What a sad little man. American sociologist Jonathan Pontell (right) has invented another one of these bullshit psudo-concepts that PR wankers devise over a long lunch and then build their careers by travelling the world talking it up. 'Generation Jones' is his invention--a "Lost Generation!" breathlessly trumpets Entrepreneur magazine-- supposedly referring to people between forty and fifty that people interested in these things have up to now apparently ignored as a significant demographic, until Pontell bothered to notice them and point out the oversight. Yawn.

Now he's here in New Zealand talking himself up, but apparently his ego has been insufficiently stroked by local luminaries so he's throwing hissy fits and threatening law suits--or so he just ranted to Linda Clark. The first suit would be against the Christchurch Press because they had the acumen to call him a hoaxster. That made poor Jonathan unhappy (cue violins) and also made him call his lawyers.

In a bid to show how locally 'connected' he is, he's also been quietly hinting that he's been "consulted" by a "major local party," but his bluff on that one has also been called. Every "major local party" has issued a "Nyet" to his claim, making him look even sillier than he already does, and the National Party went even further and also called him a hoaxster. To restore his fragile and damaged ego he has to sue them too.

What a sad little wanker. Perhaps he and Judith Tizard could contrive to get stuck in a lift together sometime.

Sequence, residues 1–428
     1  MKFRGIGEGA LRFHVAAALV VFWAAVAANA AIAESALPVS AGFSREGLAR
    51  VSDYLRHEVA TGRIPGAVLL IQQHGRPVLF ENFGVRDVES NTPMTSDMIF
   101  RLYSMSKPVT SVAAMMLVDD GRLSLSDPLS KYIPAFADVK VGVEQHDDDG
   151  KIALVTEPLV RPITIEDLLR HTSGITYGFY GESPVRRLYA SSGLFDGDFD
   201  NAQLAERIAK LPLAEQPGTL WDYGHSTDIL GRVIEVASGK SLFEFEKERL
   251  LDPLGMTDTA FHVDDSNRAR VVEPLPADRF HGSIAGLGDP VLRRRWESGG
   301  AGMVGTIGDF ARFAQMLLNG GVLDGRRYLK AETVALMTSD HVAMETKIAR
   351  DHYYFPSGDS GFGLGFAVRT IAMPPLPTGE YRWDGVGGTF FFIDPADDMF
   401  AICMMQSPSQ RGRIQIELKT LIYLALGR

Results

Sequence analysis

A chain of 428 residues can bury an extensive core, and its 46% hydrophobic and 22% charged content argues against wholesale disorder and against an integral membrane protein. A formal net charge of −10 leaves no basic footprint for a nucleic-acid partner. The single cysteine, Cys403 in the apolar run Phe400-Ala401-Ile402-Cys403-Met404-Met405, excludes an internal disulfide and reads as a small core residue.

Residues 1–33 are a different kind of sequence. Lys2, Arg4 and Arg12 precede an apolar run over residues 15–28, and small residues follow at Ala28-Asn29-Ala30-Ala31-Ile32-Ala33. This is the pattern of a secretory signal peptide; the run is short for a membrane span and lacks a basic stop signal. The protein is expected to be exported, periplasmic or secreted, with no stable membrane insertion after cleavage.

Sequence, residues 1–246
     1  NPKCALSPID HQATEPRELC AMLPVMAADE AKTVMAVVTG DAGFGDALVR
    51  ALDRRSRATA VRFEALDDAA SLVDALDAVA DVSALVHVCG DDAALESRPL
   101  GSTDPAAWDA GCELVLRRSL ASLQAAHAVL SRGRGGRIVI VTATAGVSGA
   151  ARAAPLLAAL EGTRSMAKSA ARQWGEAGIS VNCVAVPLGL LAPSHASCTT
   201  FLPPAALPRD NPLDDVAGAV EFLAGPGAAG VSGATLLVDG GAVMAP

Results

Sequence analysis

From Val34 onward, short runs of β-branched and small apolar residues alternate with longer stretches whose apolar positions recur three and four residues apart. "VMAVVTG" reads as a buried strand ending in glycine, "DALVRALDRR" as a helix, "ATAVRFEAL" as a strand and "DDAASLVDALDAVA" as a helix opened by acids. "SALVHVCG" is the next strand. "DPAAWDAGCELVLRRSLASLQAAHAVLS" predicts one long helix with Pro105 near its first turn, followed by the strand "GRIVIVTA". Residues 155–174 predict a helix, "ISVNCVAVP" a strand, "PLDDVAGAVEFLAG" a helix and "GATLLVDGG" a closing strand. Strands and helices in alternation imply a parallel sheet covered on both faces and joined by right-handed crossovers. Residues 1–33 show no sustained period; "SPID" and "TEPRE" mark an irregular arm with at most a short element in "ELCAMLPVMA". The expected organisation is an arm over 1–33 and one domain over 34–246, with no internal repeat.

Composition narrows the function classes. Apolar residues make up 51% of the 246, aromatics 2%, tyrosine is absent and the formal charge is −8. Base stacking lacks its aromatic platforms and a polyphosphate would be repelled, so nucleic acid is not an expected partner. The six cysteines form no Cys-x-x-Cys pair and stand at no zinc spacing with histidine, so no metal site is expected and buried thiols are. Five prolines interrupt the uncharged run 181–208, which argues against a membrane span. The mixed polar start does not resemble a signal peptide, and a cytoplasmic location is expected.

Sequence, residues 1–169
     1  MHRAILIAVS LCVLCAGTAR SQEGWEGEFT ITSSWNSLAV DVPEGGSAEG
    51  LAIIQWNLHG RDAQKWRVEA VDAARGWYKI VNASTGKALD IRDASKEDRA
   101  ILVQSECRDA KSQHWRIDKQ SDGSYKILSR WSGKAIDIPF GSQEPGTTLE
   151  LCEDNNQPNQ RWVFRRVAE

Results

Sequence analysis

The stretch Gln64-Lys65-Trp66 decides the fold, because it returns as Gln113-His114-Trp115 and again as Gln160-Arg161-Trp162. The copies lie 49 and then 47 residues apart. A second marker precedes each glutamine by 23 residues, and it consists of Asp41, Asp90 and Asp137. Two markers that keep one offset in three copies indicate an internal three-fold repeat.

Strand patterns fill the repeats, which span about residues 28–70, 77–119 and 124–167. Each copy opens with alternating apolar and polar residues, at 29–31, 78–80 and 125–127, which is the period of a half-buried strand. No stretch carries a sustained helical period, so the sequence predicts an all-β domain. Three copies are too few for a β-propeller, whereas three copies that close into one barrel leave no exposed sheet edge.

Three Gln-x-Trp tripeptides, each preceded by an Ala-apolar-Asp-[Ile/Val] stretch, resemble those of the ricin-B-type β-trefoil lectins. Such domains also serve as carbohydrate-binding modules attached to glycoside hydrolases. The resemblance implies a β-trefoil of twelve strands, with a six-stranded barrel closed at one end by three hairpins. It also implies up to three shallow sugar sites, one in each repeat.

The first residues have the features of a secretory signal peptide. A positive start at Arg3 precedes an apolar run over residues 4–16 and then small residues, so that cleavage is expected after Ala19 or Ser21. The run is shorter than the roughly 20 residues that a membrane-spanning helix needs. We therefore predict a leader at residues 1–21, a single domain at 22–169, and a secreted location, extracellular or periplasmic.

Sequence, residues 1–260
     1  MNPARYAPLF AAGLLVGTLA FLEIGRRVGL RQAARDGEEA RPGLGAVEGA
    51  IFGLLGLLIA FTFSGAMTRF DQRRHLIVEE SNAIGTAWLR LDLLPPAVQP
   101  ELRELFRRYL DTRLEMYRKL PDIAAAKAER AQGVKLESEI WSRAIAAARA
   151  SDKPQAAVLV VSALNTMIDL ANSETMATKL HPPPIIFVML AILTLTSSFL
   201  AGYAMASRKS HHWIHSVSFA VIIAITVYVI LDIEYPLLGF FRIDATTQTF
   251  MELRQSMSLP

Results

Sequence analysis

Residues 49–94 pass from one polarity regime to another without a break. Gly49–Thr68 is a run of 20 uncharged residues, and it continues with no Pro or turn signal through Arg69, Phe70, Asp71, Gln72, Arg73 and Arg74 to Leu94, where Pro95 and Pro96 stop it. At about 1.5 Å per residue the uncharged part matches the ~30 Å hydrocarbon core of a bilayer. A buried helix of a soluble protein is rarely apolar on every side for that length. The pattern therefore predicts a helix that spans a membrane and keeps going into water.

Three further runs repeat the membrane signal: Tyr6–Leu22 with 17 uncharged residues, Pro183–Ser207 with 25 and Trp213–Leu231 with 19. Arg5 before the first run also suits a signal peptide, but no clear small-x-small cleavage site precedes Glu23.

[UPDATE 1: Russell Brown has some background on the whole ruckus in a PS at the foot of this post.]
The Grauniad has the story of Pontell's similarly duplicitous shenanigans with Britain's Tory Party. [Hat tip IP at DPF's]

A Tory spokesman said: "CommunicateResearch came in to pitch for business, but they are not employed by us in any way. He came in with them for a chat and is certainly not giving us any advice."... Mr Pontell told the Guardian: "Yes, I have advised a political party here about targeting Generation Jones. I can't say which party it was." He had met officials and provided follow-up information on request.]

Tizard swings the handbag

Judith Tizard, Auckland Central MP, former Minister in Charge of Helen Clark's handbag, and a woman with all the people skills of a large rodent managed to give a room-full of 100 Auckland Central voters a master class yesterday in how to acquire those skills for oneself.

Aaron has his own report here of Labour's eighteenth-ranked candidate arriving late to the meeting, heading to the podium and immediately recoiling at the humorous 'news' that the media "had been excluded from the room." She immediately picked up her toys and her flunkies and flounced out saying there was no point in talking to us peasants then, leaving behind her bemused Epsom colleague Stuart Nash to stand in for her, and we bloggers to stand in for the fourth estate.